If you haven’t heard the story by now, it goes something like this: Will Toledo self-recorded a ton of material in Leesburg, Virginia beginning in 2010. He would lay down tracks at his parents’ house and in the car — hence the name for his project, his only audience being the neck-protecting mounts — then upload his tunes to his Bandcamp page. Toledo garnered a loyal following, amassing downloads. Matador Records, the taste-making independent label got word, and signed him to a deal. It’s quite the tale, but does it forecast an entirely new model for the industry?

“Bandcamp was the only site that had the focus on the album presentation,” Toledo tells me from Leesburg, as he readies for an upcoming tour leg. “Where you could upload an entire album and have it be immediately downloadable or purchasable by anyone who went on it. Bandcamp was an essential find for me.” Once Toledo was signed to Matador, he selected a compilation of past songs and re-recorded them for a release. That effort, Teens of Style, garnered rave reviews upon its release in October and is making appearances on many a year-end list. An album of new material, Teens of Denial, has been recorded already and will be released on Matador next year.

Speaking to Bandcamp’s director of operations, Joshua Kim, I learn that the Toledo’s album-centric affinity for the site is no coincidence. “When you arrive at Car Seat Headrest’s album page, you see the album cover,” he tells me. “The focus is on the album and the artist. The album is a piece of art. Bandcamp is designed very specifically to maintain that image and maintain that feeling.”

It’s a tricky business proposition, though, to stick up for the old-fashioned notion of albums in the days of dollar-a-track downloads. Bandcamp makes most of its money from downloads. Once an artist jumps to a label they tend to abandon (or are forced to abandon) their Bandcamp activity. (Some high-profile acts like Alex G and Torches have maintained their output post-signing.)

“There has been this belief in the industry in the past that Bandcamp is mostly for unsigned artists and once you get signed, you stop putting your music out on Bandcamp,” Kim tells me. “And that’s something, of course, that’s frustrated us for a long time. Alabama Shakes were on Bandcamp really early on and they did really well. They created this great, robust community and sold a lot of records. When they got signed, they left: Their label said they couldn’t be on Bandcamp. We’re definitely seeing that change rapidly and we’re super excited about it.”

Kim goes on: “We believe that Bandcamp rests on the assumption that people still buy records and still want to buy a record if it’s presented in the right way, and we’ve seen that as true. Our business is growing and even our digital download business is growing while the rest of the digital download universe is flattening or even shrinking. So we definitely believe that it works.”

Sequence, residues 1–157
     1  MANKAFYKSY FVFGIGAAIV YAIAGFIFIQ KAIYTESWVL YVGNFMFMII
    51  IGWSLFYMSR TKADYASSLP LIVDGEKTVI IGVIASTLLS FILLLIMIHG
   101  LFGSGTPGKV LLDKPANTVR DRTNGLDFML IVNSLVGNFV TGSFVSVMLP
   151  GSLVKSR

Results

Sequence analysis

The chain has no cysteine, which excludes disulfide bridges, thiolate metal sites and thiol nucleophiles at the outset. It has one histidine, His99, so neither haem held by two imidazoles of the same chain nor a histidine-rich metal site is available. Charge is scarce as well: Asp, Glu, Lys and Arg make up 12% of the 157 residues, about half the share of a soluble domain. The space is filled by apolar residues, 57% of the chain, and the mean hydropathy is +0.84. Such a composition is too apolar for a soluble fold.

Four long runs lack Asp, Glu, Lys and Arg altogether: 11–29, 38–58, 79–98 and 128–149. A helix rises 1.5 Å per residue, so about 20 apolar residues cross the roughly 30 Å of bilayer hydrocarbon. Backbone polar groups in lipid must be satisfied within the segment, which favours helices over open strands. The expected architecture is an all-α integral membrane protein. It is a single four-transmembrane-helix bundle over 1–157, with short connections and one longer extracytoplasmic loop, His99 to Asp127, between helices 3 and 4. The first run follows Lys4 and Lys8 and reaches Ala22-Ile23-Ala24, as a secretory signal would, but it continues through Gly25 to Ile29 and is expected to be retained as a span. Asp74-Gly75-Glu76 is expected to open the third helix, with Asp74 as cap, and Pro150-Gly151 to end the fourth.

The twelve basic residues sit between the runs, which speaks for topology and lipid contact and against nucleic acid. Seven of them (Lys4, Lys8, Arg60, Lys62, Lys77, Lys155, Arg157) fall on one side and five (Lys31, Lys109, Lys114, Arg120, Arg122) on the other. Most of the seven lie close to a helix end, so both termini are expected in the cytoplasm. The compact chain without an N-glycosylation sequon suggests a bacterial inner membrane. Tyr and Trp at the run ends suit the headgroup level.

Kim cites Matador as the kind of label that sees a relationship with Bandcamp as a no-brainer. The site provides a free platform for scouting new talent and has a built-in community that gets psyched about Matador as a label when it signs an artist like Toledo. Suffice it to say, he won’t be the last act that the label discovers on Bandcamp. “We absolutely do not see it as a threat to our business model,” Matador president and co-owner Patrick Amory tells me via email. “They have been great people to work with in every way, and we look forward to partnering with them to sell more music by other bands in the future!”

Kim says the feeling is mutual. “Matador is a great example of a label that has a achieved a great amount of success, but — at the same time — has still really stuck to those underlying principles of being artist-focused and music-focused,” he says. “For us, we are totally stoked to have that kind of relationship with them.”

What’s Toledo’s perspective on the Matador/Bandcamp marriage? Generally solid, if less than utopian. He was a little dismayed when Matador made only three tracks from Teens of Style available on Bandcamp. “For me the whole point of Bandcamp is that you can listen to the whole album,” the very-chill, Seattle-based Toledo says. “It sort of serves as a functioning advertisement, to be able to listen to the whole album beforehand. But, yeah, I guess I didn’t fight it too much. I would like to figure out a special way of doing it if we were to put the next album on Bandcamp.”

Okay, so it ain’t perfect, but Toledo believes that the Bandcamp ‘n’ label relationship is just getting started. “I’d absolutely encourage bands to [use Bandcamp]. There’s no downside to it if you can afford to do it, basically,” he says. “It goes slowly, but that means you have time to pick up more tricks of the trade. If you’re good enough, sooner or later you will get approached by an industry official.” For his part, Toledo has been scouting openers for Car Seat Headrest’s tour on the site, filtering by city.

I ask Kim if there are any bands “breaking” on Bandcamp and the floodgates open. First of all, he cites labels like Double Double Whammy, Bayonet, and 6131 Records, who are already working in cooperation with Bandcamp for streaming, exposure, and a marketplace. “Surf Curse,” Kim says excitedly and bluntly, pointing to a group to check out. “I can’t go into the details about how much money they’ve made, but they’ve made tons of records. They’ve done one small cassette run with a boutique label in L.A., but they’re effectively unsigned. They’ve been making records and just putting them out on Bandcamp and achieving huge amounts of success.” He goes on to mention Eskimeaux, Frankie Cosmos, and Spencer Radcliffe as burgeoning Bandcamp-cum-label acts. If you Google any of their names, the first thing that pops up is their Bandcamp pages. Soon enough, a record label may just change that.